Bitcasa experiences day II

imageSo… I signed up with Bitcasa, the infinite drive, where you can store an unlimited amount of files for $99 a year. Some more experiences.


I read a lot of complaints currently on the support forum of BitCasa, my upload speed varies from  about 8Mb per second to 40 kbytes/s (The speed at start might be because at the start it just buffers to the BitCasa buffer so that is a local copy…).  This was after I upgraded to the new client ( I thought that it would auto update the client but apparently it does not.  I can understand that because possibly the update mechanism only updates new clients not the old beta clients. So if you are running the old client you will have manually download and install the after-beta version.

8mb: probably buffering to bitcasa cache
48 kbytes/s: the real deal

I’m not particular worried about speed. On this moment I’m just offloading backups to BitCasa which I start on one laptop and then leave it running until it is finished.

Continue reading Bitcasa experiences day II

Where will my little cloud go

Cloud computing is Internet-based computing, whereby shared resources, software, and information are provided to computers and other devices on demand. (do you use gmail?)

image I like "the cloud" :

1. I can access my stuff from anywhere on any device
2. I don’t have to think about backups (and even can signup with cloud backup)
3.  I don’t have to develop and maintain these apps myself, some other folks will add new functionality

However… I am already beginning to feel disadvantages:

1. The more stuff I signup with (flickr, family+friends, dropbox, etc…) the more I monthly pay altogether for this stuff (awaiting monthly subscriptions for the free services like webmail) (and including my donations)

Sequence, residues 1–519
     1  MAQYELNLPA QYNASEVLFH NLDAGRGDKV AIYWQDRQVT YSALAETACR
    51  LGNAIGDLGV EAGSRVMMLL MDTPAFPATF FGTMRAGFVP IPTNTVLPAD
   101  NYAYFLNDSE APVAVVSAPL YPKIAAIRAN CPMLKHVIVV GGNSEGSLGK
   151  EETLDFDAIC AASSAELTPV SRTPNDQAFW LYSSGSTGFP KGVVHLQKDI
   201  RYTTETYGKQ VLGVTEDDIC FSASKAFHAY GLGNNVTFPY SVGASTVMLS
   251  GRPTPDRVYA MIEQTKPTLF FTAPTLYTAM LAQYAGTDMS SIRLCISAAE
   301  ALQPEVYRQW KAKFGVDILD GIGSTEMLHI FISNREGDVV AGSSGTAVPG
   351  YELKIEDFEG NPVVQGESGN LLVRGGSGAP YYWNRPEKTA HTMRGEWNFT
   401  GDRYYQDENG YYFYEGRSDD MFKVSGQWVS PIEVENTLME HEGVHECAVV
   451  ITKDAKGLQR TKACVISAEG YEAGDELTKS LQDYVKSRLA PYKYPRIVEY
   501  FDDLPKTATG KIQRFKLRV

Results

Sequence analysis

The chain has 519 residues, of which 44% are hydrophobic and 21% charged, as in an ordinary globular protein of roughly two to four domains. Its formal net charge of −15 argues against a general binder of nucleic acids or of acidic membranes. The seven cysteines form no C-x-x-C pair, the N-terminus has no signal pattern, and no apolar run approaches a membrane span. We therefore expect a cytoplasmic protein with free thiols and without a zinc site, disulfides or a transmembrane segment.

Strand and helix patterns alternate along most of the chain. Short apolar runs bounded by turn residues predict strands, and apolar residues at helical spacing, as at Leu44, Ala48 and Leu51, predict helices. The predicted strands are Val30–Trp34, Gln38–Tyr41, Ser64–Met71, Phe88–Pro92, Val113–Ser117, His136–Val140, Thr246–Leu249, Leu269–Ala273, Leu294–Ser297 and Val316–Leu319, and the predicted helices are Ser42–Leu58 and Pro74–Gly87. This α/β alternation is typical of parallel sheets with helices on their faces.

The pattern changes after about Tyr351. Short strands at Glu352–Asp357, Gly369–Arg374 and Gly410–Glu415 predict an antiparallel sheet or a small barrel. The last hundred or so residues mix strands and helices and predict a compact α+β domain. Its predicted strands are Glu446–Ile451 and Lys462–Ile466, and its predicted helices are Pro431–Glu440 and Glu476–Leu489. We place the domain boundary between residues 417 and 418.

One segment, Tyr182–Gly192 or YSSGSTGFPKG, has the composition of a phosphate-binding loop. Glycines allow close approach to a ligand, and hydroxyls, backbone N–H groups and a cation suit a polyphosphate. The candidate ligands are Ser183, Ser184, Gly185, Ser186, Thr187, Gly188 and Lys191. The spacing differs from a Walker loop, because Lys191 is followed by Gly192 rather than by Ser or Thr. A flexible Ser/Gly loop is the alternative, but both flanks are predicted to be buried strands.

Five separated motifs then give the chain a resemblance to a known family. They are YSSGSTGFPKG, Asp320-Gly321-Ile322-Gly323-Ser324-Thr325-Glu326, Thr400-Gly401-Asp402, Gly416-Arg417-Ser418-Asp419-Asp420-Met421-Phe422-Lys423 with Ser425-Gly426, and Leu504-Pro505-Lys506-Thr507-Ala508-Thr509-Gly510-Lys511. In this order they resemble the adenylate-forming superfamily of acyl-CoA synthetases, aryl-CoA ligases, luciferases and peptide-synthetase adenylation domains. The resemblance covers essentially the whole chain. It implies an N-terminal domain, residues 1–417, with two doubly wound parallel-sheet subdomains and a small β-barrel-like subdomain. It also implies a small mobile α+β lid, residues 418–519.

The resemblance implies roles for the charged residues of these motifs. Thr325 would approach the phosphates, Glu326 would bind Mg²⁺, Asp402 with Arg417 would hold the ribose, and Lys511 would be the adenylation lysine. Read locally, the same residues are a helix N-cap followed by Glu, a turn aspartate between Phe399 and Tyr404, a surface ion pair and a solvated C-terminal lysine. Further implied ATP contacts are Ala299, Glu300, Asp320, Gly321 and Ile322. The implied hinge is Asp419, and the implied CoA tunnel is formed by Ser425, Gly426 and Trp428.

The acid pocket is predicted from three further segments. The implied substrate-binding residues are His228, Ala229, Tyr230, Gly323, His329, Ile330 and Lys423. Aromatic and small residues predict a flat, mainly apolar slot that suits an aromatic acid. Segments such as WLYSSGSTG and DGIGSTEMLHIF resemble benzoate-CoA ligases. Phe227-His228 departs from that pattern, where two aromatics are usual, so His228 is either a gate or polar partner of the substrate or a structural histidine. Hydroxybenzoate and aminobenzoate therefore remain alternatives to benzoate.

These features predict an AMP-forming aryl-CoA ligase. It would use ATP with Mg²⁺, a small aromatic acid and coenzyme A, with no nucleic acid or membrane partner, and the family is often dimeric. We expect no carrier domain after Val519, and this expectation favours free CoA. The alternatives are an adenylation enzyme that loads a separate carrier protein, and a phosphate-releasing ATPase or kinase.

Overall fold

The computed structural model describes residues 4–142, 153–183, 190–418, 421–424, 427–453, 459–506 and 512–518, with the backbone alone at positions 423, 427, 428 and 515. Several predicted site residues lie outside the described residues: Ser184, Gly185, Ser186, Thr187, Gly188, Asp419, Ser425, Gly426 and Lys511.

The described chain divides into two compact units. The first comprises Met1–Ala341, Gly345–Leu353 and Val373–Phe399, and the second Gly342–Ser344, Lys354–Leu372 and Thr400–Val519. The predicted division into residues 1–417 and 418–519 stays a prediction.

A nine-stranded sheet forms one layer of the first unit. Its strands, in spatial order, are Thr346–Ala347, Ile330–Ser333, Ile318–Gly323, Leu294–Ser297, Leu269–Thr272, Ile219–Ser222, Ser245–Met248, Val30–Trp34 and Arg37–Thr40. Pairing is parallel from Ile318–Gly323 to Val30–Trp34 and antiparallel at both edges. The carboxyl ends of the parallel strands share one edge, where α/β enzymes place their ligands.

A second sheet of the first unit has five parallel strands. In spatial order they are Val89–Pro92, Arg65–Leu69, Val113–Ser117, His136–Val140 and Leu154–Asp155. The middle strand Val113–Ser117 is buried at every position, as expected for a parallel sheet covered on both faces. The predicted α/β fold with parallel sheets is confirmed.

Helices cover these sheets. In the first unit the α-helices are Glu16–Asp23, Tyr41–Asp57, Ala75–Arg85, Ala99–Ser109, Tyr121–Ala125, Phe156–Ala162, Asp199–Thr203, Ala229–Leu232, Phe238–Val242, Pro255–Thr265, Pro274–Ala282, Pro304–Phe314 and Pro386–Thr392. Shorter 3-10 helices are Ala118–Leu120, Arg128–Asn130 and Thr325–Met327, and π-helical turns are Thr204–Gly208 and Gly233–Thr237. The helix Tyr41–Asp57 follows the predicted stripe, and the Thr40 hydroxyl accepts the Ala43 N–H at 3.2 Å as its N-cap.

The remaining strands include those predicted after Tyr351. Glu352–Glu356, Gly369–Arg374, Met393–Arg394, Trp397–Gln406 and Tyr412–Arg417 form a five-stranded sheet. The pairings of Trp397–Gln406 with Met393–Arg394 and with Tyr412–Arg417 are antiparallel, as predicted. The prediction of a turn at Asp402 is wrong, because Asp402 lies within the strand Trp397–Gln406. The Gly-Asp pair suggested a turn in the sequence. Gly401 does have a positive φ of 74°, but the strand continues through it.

2. the more I "outsource" (other than me improving and maintain the software / hardware) the more I loose control on security and privacy but also functionality improvement I want.

So… this will probably drive me (and a lot of people like me) to a point where running your own server is cost-technically still the most interesting. It means work each month to maintain the os, (open source) apps and possibly write my own stuff but it will save me money in the end. Then again it will probably only be for the few lucky ones who can secure a linux environment, do server optimization and are in general technically somewhat more able because else the time invested in learning how to do "all of this" is not worth the effort.

And… to even bring these costs even more down … I think more and more people will probably buy a server and place it somewhere in their house and have it accessible via the outside world . Meaning: a lot of households will get little clouds.

I’m not saying anything new here, a certain group of people has been running these things like in the uhm… pre-Internet BBS era. And a lot of ‘Linux persons’ are running their servers for years and years but… I think however it will go mainstream now.

And uhm… I am also writing this to convince my wife that this new high-end server is absolutely needed apart from our X other computers on our gigabyte LAN with its own N terabyte storage capacity because uhm… more services in the cloud for our household simply means: we need more powerful servers in house. So… uhm… in the end it will save us a lot of money :) (there is however the downside that maintenance and functional improvement DO mean some hours per month you have to set aside for these tasks) (luckily some people like this for a hobby) (and maybe there is a business opportunity for servecing the 99% out there who has no clue).